Lesions at the level of the Pons
trigeminal nerve courses through the bulk of the middle cerebellar peduncle.
Lesions of the nerve in this area results in:
ipsilateral loss of sensations from 1⁄2 of the face
paralysis/atrophy of the ipsilateral muscles of mastication
When the patient opens his mouth wide, the chin deviates toward the side of the lesion.
Lesions at the level of the Pontomedullary Sulcus
1) Abducens nerve. Central lesions result in ipsilateral paralysis of lateral gaze + internal strabismus.
2) Facial nerve. In lower pons, fibers of facial nerve loop over ventricular surface of abducens nucleus (facial colliculus), course ventrolaterally to exit next to the vestibulocochlear nerve in the pontobulbar sulcus.
Central lesions of the nerve result in ipsilateral facial (Bell's) palsy; loss of taste sensations from the anterior 2/3 of the tongue; and hyperacusis.
3) Vestibulocochlear nerve. Central lesions of VIII result in ipsilateral deafness; equilibrium + posture problems; and nystagmus.
ipsilateral paralysis of lateral gaze + internal strabismus.
1) Abducens nerve. Central lesion. @ pontomedullary junction
ipsilateral facial palsy
loss of taste sensations from the anterior 2/3 of the tongue
Central lesions of the facial nerve @ pontomedullary sulcus
equilibrium + posture problems
Central lesions of VIII in the pontomedullary sulcus
Lesions at the level of the Medulla
CN IX, CN X, CN XI, CN XII
Lesion in the medulla in the glossopharyngeal nerve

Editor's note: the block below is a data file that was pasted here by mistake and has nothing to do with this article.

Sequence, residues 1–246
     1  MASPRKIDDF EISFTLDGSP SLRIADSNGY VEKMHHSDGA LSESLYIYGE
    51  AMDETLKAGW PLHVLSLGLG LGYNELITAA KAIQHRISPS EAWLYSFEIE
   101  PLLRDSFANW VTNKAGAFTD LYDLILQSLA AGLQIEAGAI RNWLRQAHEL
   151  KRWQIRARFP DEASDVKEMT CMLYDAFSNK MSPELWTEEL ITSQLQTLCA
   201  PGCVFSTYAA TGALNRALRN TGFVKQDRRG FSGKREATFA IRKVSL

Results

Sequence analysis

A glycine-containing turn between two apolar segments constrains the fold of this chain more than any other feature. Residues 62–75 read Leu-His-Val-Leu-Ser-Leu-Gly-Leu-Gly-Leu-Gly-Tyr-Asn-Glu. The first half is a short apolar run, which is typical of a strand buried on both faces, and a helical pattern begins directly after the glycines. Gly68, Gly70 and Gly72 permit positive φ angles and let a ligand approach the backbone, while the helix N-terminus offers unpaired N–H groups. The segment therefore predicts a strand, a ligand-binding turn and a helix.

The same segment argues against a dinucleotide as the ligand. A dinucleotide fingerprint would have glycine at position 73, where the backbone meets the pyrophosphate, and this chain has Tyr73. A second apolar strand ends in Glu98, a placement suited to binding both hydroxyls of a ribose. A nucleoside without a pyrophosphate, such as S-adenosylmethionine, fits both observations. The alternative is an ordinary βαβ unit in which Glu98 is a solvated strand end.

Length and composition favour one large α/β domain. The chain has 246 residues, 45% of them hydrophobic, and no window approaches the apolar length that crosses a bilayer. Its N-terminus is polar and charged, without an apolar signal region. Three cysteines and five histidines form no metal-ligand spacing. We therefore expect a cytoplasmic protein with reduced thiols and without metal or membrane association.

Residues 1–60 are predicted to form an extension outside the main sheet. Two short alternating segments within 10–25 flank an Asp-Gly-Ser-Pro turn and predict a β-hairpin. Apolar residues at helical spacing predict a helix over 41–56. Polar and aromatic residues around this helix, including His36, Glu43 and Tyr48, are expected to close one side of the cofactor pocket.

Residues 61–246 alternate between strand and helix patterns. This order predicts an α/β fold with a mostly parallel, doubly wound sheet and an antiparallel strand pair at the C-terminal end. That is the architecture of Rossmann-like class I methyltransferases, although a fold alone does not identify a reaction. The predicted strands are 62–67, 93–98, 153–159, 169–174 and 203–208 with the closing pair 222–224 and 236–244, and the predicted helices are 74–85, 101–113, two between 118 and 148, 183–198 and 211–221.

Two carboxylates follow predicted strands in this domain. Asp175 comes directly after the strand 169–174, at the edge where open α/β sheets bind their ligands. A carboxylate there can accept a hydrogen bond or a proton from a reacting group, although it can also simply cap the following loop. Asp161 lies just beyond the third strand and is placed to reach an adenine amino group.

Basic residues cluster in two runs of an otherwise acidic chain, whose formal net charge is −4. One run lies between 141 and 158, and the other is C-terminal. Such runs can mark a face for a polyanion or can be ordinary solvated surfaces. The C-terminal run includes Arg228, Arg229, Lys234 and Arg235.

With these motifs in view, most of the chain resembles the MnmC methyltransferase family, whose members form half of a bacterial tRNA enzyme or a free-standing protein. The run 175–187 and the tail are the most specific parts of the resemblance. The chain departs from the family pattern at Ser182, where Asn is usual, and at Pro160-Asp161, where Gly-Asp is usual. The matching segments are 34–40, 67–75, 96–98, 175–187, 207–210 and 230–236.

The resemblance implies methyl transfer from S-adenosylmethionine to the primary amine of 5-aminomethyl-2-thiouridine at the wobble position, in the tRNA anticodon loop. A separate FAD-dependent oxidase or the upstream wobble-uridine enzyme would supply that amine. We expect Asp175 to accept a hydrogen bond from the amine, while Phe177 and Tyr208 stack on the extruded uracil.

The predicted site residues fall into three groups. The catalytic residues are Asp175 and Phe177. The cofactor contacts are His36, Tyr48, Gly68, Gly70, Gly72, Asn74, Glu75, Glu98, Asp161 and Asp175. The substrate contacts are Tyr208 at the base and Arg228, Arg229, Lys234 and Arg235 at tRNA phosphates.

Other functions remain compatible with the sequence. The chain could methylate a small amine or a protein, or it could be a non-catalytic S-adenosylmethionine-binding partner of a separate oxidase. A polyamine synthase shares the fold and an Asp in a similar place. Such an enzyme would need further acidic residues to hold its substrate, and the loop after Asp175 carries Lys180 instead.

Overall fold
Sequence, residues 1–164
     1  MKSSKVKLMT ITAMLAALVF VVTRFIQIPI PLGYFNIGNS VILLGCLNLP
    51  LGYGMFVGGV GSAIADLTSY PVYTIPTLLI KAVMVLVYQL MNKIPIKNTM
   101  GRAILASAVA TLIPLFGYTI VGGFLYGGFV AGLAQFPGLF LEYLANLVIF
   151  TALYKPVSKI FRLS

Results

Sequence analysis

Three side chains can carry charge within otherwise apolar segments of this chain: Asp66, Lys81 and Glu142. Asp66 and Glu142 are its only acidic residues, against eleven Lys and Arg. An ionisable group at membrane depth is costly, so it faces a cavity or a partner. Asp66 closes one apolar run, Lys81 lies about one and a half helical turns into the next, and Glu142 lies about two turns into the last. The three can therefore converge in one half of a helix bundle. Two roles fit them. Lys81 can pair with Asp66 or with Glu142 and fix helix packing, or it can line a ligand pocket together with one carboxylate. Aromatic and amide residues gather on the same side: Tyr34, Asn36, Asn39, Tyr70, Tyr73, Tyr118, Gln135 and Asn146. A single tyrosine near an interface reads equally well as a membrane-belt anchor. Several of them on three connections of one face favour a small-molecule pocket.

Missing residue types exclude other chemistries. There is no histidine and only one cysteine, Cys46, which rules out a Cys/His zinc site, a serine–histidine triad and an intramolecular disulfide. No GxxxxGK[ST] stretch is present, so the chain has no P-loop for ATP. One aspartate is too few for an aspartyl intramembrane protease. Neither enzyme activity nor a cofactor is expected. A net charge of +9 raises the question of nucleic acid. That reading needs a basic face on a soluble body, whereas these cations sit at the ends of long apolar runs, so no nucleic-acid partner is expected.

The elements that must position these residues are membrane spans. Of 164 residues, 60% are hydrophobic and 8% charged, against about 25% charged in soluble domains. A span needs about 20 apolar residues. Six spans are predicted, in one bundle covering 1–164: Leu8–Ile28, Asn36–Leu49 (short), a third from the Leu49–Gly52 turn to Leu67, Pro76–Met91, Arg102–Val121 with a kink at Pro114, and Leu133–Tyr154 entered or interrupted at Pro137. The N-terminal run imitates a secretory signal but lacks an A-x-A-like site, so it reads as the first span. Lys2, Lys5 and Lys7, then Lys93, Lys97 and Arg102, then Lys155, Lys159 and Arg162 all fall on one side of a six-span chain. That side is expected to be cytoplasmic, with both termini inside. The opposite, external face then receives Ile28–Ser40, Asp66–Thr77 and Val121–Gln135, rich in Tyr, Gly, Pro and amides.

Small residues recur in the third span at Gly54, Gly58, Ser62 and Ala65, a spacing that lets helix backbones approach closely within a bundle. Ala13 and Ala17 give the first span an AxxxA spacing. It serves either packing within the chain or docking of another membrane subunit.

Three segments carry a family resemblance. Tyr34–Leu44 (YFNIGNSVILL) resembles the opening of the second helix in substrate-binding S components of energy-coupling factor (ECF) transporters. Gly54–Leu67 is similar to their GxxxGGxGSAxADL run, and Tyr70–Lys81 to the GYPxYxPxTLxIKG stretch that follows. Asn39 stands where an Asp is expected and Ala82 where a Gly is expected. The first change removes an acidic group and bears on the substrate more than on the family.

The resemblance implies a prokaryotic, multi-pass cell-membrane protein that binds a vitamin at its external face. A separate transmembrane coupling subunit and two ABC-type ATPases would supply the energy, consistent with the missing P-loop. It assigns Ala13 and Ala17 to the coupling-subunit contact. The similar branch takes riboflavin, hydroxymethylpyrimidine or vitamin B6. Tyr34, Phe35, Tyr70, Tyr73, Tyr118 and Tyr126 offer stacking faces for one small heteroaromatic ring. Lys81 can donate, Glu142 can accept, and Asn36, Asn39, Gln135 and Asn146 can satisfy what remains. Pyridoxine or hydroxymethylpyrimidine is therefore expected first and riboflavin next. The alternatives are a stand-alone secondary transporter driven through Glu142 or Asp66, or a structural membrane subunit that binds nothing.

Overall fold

Central lesions of the glossopharyngeal nerve result in:
decreased sensations from the palate & pharynx (diminished gag reflex).
a loss of taste from the posterior third of tongue.
Lesions in the medulla at the level of vagus
lesions of vagus result in:
dysphagia, dysarthria, hoarseness
paralysis + paresis of the muscles of palate
uvula may deviate to the side opposite the lesion;
transient parasympathetic effects
Lesions in the medulla at the level of the hypoglossal n.
Central lesions of the hypoglossal nerve result in:
paralysis + atrophy of ipsilateral intrinsic muscles of tongue.
patient may complain of dysphagia and dysarthria.
protruded tongue deviates toward side of the lesion.
Lesions in the medulla at the level of the spinal accessory nerve
arises from accessory nucleus in the upper cervical spinal cord (C1-6).
Central lesions involving the rootlets of this nerve result in:
ipsilateral paresis of the sternocleidomastoid.
patient has difficulty in turning his head away from affected side
bending head forward at the same time
shrugging his shoulders.